September 6, 2001

Subterranean Style

Print More

Contrary to what I feel is popular belief, the concept of having personal style is not a shallow or futile enterprise. Just like poetry, painting, journaling, or speaking, how a person chooses to present his or herself can be a very intimate and personal expression of self. It can be as blatant as a message on a t-shirt or as latent as a pink panel peakking out of the pleats of a black skirt.

Style doesn’t mean expense or vanity, although it may in some cases. In a more universal sense, style suggests owernership and distinction. Personal style separates the individual from the pack. It’s the way one communicates to many where they’re from, whothey are, and where they’re going. Of course, clothing has a utilitarian fucntion as well as an aesthetic one, but this doesn’t mean that chosen garb inhabits the figure silently.

Perhaps the most noteable linguists of style are celebrities, the 0.1 percent of the population who occupies the ocular attention of the world. World-class fashionistas like Princess Daina, Grace Kelly, and Michael Jackson all took advantage of an ever present, albeit ever intrusive, spotlight to bring the art of the personal statement to the foreground (no comment on the merit of their choices will be asserted as of yet). However good or bad their couture choices, each of these mega-stars managed to reserve a mannequin in the Metropolitan Museum of Art’s Costume Institute by communicating some sort of enigmatic fascination.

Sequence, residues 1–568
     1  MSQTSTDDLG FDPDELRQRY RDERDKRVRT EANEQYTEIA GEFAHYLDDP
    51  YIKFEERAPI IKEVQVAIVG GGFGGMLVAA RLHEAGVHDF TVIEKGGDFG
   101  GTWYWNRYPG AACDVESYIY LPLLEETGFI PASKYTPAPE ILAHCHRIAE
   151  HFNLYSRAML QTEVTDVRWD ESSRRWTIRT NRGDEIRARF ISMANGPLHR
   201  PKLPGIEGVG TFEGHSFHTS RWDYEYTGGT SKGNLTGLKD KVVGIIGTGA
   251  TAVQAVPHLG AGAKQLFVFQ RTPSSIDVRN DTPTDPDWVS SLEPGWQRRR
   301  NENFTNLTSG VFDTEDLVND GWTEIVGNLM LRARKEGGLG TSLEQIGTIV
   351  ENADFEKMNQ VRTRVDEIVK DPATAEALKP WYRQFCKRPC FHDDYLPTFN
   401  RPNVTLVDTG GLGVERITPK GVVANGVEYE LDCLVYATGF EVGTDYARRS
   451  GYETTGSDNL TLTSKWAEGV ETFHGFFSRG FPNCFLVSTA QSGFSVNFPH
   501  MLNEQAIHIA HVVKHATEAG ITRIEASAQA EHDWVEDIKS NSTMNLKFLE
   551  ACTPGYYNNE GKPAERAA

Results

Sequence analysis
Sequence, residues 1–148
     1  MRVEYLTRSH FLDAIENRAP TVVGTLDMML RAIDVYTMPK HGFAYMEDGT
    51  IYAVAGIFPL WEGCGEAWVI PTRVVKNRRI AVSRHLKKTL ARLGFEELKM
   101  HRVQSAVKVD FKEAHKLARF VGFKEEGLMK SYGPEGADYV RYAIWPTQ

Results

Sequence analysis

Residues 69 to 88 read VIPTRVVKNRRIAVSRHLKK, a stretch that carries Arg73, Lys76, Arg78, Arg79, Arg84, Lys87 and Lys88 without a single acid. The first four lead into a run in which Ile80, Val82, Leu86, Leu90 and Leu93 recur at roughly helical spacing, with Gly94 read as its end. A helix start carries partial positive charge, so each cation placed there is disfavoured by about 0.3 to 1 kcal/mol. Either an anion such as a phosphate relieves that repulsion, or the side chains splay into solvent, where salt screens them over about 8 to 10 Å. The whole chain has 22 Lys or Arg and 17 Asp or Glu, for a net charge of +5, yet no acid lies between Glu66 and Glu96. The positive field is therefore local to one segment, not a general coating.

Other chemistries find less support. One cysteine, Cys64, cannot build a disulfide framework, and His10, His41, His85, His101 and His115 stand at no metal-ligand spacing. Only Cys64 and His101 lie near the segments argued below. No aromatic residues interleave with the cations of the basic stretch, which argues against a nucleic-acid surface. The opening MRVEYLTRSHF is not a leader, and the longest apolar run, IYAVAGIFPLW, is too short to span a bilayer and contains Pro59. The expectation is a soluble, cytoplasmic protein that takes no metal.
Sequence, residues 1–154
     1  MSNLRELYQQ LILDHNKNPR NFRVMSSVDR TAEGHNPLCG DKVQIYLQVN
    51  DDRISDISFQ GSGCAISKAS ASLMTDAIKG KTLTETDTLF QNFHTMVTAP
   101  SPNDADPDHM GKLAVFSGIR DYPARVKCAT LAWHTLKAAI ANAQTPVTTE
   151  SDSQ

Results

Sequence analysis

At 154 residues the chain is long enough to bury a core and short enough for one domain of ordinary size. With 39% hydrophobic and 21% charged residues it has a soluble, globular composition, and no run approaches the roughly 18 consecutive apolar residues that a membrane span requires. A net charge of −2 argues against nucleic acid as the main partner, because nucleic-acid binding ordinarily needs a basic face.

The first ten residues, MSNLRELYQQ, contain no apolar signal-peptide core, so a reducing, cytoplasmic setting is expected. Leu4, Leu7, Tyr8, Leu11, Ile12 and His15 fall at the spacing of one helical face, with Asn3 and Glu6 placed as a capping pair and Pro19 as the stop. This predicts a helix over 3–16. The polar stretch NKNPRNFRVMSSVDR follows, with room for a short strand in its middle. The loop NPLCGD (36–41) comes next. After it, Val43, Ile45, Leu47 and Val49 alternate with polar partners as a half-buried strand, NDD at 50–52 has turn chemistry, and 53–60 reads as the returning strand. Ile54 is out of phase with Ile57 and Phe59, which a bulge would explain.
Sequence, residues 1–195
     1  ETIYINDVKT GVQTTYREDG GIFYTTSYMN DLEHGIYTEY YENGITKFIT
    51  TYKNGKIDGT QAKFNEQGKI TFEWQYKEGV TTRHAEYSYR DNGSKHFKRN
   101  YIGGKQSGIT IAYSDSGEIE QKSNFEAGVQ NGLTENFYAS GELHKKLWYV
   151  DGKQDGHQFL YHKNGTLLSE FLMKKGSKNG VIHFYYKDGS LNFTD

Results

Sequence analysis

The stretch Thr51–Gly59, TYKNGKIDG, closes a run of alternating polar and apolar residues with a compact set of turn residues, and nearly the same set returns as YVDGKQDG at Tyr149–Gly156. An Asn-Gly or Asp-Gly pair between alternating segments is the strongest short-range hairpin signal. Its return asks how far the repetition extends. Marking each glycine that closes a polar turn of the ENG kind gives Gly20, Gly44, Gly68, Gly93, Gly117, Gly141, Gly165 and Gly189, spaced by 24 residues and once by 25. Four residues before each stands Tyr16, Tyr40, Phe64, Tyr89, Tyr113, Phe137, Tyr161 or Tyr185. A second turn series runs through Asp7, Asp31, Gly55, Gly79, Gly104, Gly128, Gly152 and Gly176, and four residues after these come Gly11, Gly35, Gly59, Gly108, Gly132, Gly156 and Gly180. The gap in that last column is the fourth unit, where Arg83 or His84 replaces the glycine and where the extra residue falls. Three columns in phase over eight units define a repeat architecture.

Certainly, mammoth bank accounts can help people “express” themselves in a grandoise way. But, there’s a lot to be said about the style of the subterranean. The seemingly non-existent masses that escape the camera’s prying lens, create a colorful and textural landscape of visual stories and personas. However, it is this column’s mission to delve belwo the surface of glossy magazine photos to document the style of the subterranean, the everyday sould with singular style.

Archived article by Laura Thomas